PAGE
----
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Ohio launches statewide campaign to combat stigmas around addiction, mental illness

The "Beat The Stigma" campaign will feature advertisements, billboards, and social media outreach.
The "Beat The Stigma" campaign will feature advertisements, billboards, and social media outreach.

Governor Mike DeWine, along with health officials from across the state, announced a new campaign aiming to reduce the stigmas surrounding addiction and mental illness.

The "Beat The Stigma" campaign is the result of months of research and input from Ohio’s addiction and mental health experts. Nearly $10 million was committed to the campaign in February after Franklin County commissioners passed a resolution. It will include billboards, spots airing on television and outreach on digital platforms.

DeWine says addiction and mental health experts understand that these are diseases, not a moral failing or a result of weak character. He says the campaign attacks stigma directly.

"Stigma can be devastating to those who are living with these diseases," DeWine said. "Not only adding to the hardships of addiction and mental illness, but also preventing them from seeking the help they need to get well."

Erika Clark Jones is the CEO of the ADAMH Board of Franklin County. She says 1 in 3 Ohioans struggle with addiction. A similar number struggles with mental illness. She says family history plays a role in addiction.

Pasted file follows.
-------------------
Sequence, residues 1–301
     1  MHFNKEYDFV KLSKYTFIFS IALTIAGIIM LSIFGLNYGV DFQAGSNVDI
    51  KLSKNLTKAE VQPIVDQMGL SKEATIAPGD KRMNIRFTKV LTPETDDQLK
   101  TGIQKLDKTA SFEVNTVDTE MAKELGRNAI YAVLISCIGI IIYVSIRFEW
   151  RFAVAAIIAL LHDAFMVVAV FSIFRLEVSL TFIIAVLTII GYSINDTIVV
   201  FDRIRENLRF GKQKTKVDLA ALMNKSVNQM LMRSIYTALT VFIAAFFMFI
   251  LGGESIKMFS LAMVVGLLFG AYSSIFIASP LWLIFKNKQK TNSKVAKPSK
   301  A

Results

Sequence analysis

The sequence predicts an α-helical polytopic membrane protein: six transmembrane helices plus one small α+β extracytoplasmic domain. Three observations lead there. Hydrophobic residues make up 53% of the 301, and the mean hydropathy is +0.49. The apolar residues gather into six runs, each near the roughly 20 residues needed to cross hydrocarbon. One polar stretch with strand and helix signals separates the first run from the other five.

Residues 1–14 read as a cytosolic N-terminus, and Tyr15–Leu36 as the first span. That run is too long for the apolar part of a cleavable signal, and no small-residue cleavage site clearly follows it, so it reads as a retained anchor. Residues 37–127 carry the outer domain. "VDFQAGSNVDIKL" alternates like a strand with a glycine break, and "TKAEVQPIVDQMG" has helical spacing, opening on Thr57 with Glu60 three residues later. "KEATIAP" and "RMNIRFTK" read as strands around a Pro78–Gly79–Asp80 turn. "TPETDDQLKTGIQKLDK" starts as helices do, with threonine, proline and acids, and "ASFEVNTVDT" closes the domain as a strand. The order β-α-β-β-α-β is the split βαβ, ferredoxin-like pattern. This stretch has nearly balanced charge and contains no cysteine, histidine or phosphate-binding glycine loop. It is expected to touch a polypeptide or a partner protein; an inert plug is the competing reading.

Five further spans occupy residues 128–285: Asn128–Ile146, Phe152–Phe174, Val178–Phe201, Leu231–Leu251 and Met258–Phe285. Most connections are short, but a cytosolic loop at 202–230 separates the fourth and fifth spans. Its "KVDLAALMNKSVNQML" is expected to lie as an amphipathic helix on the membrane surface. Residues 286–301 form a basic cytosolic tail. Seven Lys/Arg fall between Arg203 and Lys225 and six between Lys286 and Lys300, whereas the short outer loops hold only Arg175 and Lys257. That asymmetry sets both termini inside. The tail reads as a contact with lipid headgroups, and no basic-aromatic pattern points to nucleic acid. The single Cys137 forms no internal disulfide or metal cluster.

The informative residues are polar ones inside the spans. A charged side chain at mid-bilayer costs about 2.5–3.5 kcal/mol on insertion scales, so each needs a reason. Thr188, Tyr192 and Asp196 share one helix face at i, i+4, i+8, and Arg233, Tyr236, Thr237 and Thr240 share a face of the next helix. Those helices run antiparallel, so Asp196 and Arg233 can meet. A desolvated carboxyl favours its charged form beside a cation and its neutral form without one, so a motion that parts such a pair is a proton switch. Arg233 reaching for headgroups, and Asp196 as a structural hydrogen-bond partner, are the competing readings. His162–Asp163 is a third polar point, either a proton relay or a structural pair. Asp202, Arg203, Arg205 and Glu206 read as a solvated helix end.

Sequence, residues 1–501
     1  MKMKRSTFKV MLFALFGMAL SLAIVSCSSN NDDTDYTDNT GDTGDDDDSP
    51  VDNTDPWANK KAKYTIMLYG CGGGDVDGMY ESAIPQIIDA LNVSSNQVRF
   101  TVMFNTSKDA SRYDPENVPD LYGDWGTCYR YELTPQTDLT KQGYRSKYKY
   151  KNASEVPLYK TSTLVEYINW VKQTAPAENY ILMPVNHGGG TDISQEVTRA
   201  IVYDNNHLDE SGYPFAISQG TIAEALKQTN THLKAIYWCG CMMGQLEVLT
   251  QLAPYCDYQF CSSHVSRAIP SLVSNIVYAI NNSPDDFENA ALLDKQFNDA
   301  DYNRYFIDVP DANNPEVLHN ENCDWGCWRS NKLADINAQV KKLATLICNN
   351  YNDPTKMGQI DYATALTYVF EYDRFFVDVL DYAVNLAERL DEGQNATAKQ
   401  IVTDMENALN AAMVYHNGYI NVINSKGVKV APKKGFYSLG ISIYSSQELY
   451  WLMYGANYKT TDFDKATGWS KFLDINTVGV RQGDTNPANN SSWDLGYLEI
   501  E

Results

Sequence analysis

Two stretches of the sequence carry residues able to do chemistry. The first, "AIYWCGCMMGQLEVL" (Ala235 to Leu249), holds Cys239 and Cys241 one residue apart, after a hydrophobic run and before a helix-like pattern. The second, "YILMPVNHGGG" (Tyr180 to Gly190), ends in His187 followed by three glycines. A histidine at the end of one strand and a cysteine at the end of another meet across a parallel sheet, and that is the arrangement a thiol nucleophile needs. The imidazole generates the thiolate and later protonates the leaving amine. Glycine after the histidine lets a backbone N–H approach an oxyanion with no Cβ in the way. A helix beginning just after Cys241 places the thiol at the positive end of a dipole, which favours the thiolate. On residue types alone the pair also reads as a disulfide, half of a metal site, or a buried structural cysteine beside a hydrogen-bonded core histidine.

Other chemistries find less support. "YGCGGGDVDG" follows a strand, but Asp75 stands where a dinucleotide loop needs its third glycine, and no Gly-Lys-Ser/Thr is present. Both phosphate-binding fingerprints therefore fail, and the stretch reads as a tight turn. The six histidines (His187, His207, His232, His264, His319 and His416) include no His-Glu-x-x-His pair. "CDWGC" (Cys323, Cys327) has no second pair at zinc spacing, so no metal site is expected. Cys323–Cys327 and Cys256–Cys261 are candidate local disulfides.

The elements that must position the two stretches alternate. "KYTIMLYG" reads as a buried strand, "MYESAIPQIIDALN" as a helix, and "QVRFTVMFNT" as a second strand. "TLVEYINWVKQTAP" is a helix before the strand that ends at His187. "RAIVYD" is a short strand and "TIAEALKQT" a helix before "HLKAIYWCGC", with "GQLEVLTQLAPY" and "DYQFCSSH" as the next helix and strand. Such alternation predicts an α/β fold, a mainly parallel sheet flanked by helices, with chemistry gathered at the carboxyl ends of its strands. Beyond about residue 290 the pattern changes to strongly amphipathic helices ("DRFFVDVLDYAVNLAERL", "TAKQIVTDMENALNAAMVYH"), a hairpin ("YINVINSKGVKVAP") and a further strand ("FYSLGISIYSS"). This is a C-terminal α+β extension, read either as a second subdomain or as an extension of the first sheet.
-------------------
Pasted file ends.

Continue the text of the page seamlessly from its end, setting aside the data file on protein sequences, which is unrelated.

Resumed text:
"Fifty percent of an individual's risk for developing addiction is determined by your genes," Jones said. "If you knew your child had an elevated risk of any other serious disease, wouldn't you talk about it with that child? The same should apply to addiction and mental illness."

According to the Health Policy Institute of Ohio, drug overdose deaths in the state outpaced the national average from 2000 to 2020. Analysis from Harm Reduction Ohio shows Black Ohioans die from overdoses at higher rates than white residents. RecoveryOhio Director Alisha Nelson says the campaign aims to create conversations to challenge stereotypes surrounding addiction within communities.

"We want to make sure that we are coupling this campaign with prevention efforts, harm reduction efforts, treatment, and all of that has been targeted to make sure that we're reaching communities of color in an intentional way," Nelson said.

Organizations involved with the public-private partnership include the Ohio Department of Mental Health and Addiction Services, RecoveryOhio, ADAMH Board of Franklin County, Ohio Opioid Education Alliance, and the Nationwide Foundation.

You can view the launch of "Beat The Stigma" including an advertisement created for the campaign below:

Cory Sharber attended Murray State University majoring in journalism and political science and comes to Cincinnati Public Radio from NPR Member station WKMS.